Cursed Child Review | Spoiler Free Zone

It was always difficult being Harry Potter and it isn’t much easier now that he is an overworked employee of the Ministry of Magic, a husband and father of three school-age children.
While Harry grapples with a past that refuses to stay where it belongs, his youngest son Albus must struggle with the weight of a family legacy he never wanted. As past and present fuse ominously, both father and son learn the uncomfortable truth: sometimes, darkness comes from unexpected places.

When I heard there was going to be an eighth Harry Potter book, I was ... trepidatious, to say the least. What if it ruined my beautiful ending? What if my ships got sunk? What if - what if it just wasn't any good?

And then I pre-ordered it. Because a bad Harry Potter book is still a Harry Potter book. And I am still a massive Potterhead. The next six months were just me alternating between nailbiting and wanting July 31st to arrive immediately and just wishing it would go away. I really truly didn't know what to think.

The book showed up on my doorstep.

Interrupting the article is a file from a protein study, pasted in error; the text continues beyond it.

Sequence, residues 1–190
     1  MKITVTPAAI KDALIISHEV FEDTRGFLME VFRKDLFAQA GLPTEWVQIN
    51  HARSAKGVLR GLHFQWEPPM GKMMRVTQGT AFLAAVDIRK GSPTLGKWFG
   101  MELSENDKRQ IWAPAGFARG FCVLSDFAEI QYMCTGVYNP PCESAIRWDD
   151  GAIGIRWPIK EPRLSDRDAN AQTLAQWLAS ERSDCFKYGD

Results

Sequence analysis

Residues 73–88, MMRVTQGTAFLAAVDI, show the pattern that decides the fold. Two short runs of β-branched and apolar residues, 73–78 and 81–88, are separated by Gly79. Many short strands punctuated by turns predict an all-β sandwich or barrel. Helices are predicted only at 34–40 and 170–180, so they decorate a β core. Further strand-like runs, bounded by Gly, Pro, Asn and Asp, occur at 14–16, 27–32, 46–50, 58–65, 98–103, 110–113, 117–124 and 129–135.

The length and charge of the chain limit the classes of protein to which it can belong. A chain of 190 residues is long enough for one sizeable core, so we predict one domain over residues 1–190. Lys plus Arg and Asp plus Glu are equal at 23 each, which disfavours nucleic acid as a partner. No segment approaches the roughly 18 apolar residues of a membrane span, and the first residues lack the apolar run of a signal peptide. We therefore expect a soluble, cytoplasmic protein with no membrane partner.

I ignored it for three days straight, then took it on holiday and ignored it some more. And then, on a morning when I ran out of other stuff to read, I decided to just have a peek at the first chapter. By lunch, I'd finished.
You'd probably think from that speed that I really enjoyed it - and make no mistake, I did - but I must also admit that because it's written in the format of a play script, there's a lot of blank space on each page. And while reading that does take a little bit of getting used to, I've always thought dialogue was the best part of J.K Rowling's writing, so I guess it suits this particular book better than it would others.

I'm not saying that Cursed Child is the same as the other Harry Potter books, just that the playscript doesn't make it different.

Here are the the things that, to me, make a Harry Potter book:
    1) Some kind of childish wonder involved in the magic (I know this gets darker during the later books, but there's always something there.)